Saturday, October 24, 2009

LEAV in the USMC: My Favorite "Gunny"

In the USMC, I fixed FM radios. I was an intermediate ("I") level avionics technician, meaning I fixed the electronics, after the "O" level techs took it out of the aircraft. I forget whether "O" stood for organizational, or operational level, but hey, it was 25 years ago! I worked in a "shop" from 4:30PM-Midnight, for most of my years there. During this time, I had several supervisors, but one stood head an shoulders above the rest.

"Gunny" (Gunnery Seargent) Keenan, as I'll call him here, was the only boss that motivated me to feel good about an otherwise humdrum job. As a 22 yr. old, recently busted lance corporal, I had little to motivate me, in the last year of my "time," so this was no small feat.

A few things need to be explained: the radios we were working on were Vietnam-era, and this was '84. The warrantees on them expired in '70. We had drawers full of replacement circuit boards, and we did basic troubleshooting. The day-shift had a shop across the hall, that could repair the boards, but no-one was there on the night shift, so we wouldn't bother trying to "troubleshoot" the cicuit card. We'd just chuck 'em

One day Gunny Keenan took me aside, and we had a conversation. He brought out the parts manual, and we looked up the price of the circuit boards. They were over $3,000 each. They were very "old-style," with huge resistors, capacitors, inductors, and transistors, which were easy to remove with a soldering iron. I only had some basic classes in this, and wasn't "certified" to do it. I had cross-trained in the micro-comp shop, so I knew how to do it. I also knew that these circuit cards had about $15 worth of electronics on them, that one could buy at Radio Shack.

He gave me my first lecture on civic responsibility in the bureaucracy, explaining that our tax dollars were paying for every one of these parts, and it would be helpful to everyone, myself included, if I could pitch in to try replacing fewer circuit boards. He said "Leavitt, could I ask you to try fixing some of these circuit boards on the night shift, instead of throwing them at each other?"

I replied "But I'm not certified." He said, "skip the paperwork. I'll give you the keys to the mini-comp shop, if you need to use it." Gunny Keenan had appealed to me in a very personal way. As an established "rule breaker," I loved the idea of doing something good, and still breaking rules and regulations. He "got" me, in a way that was rare in my military experience.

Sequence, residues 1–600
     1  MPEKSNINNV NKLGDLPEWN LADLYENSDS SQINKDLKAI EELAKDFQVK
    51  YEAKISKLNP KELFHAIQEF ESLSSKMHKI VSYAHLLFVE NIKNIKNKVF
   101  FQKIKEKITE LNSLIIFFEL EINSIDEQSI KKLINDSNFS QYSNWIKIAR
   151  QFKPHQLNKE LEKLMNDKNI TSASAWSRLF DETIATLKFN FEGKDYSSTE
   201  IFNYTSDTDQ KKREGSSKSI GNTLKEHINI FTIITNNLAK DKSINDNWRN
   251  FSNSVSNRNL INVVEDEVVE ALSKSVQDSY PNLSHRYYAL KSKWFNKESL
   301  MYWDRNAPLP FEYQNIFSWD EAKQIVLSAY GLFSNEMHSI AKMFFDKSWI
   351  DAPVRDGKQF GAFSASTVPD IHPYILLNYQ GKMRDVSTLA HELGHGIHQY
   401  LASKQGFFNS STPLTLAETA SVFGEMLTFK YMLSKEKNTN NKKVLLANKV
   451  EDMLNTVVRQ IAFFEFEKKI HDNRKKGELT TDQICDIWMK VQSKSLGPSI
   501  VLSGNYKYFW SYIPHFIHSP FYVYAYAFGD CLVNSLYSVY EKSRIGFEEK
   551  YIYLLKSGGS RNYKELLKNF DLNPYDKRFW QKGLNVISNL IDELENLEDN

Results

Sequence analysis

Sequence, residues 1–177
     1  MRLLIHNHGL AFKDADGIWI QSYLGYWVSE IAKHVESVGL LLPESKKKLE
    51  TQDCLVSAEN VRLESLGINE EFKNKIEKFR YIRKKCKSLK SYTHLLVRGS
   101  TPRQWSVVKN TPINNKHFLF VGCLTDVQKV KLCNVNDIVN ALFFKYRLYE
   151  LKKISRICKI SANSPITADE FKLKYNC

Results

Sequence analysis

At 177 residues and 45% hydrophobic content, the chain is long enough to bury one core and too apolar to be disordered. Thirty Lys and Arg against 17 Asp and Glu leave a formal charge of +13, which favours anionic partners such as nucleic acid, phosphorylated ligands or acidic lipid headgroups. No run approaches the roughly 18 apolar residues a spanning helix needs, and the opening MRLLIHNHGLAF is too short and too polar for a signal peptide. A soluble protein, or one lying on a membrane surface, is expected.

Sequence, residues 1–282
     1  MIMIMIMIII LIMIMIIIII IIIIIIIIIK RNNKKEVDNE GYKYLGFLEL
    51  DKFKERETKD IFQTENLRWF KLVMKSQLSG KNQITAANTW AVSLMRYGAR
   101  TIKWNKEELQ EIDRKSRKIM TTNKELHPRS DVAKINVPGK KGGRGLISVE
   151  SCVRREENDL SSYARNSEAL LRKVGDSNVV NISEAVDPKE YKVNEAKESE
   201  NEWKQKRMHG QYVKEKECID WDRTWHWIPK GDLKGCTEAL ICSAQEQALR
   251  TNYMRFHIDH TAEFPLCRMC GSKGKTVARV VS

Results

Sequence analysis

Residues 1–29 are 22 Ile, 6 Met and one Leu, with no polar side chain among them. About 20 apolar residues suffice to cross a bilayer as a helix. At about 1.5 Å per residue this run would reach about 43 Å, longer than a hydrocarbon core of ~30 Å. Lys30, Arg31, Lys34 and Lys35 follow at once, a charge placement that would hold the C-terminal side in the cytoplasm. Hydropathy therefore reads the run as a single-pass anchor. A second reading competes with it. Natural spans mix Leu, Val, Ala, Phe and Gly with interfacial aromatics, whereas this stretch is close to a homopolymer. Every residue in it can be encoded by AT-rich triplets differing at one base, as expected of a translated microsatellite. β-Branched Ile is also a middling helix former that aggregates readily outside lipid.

He also used me as a motivational tool for others. When he gave his Friday informal "speech" to the troops one week, he singled me out. He said when he was a young enlisted man, he used to carry a stone around, just to get himself noticed. Some thought he was crazy, but since he was good at his job, it just got him noticed by the senior officers in his command. He then compared himself to me, saying "everyone from the Colonel on down knows when Leavitt takes a piss!"

I lost my Corporal stripes before I got a chance to put them on, because of a positive urinalysis. I had recently returned from the Naval Drug Rehab Center at Miramar Air Base, where "Top Gun" was filmed, and was on six months of weekly urinalysis surveillance when he gave that speech. Everyone laughed at that line, but I appreciated it as a secret acknowledgement of the resposibility he had given me. He gave me good pro-con ratings, as well.

One of the reasons that I would never re-enlist was what the USMC bureaucracy did to Gunny Keenan. The only manager that could get Chris Leavitt, among many others, to be more productive, and save taxpayer dollars, was getting screwed around because of his weight! Gunny Keenan was not very fat, but he was getting "by-the-booked" by the system. His ability to perform his job had no bearing on this. It was strictly because he was literally five pounds over the "guideline" weight.

When I saw a man of his age (he was a little younger then than I am now), and of his position destroyed, by being "forced out" before he wants to leave the USMC, I knew that it was no life for me. If the good guys get screwed with too, what would change for me, after being a "screw-up?" I wasn't exactly ready to be a "good guy," anyway, at that point in my life. However, I can honestly say Gunny Keenan made a lasting impression, 25 years later.

Semper Fidelis

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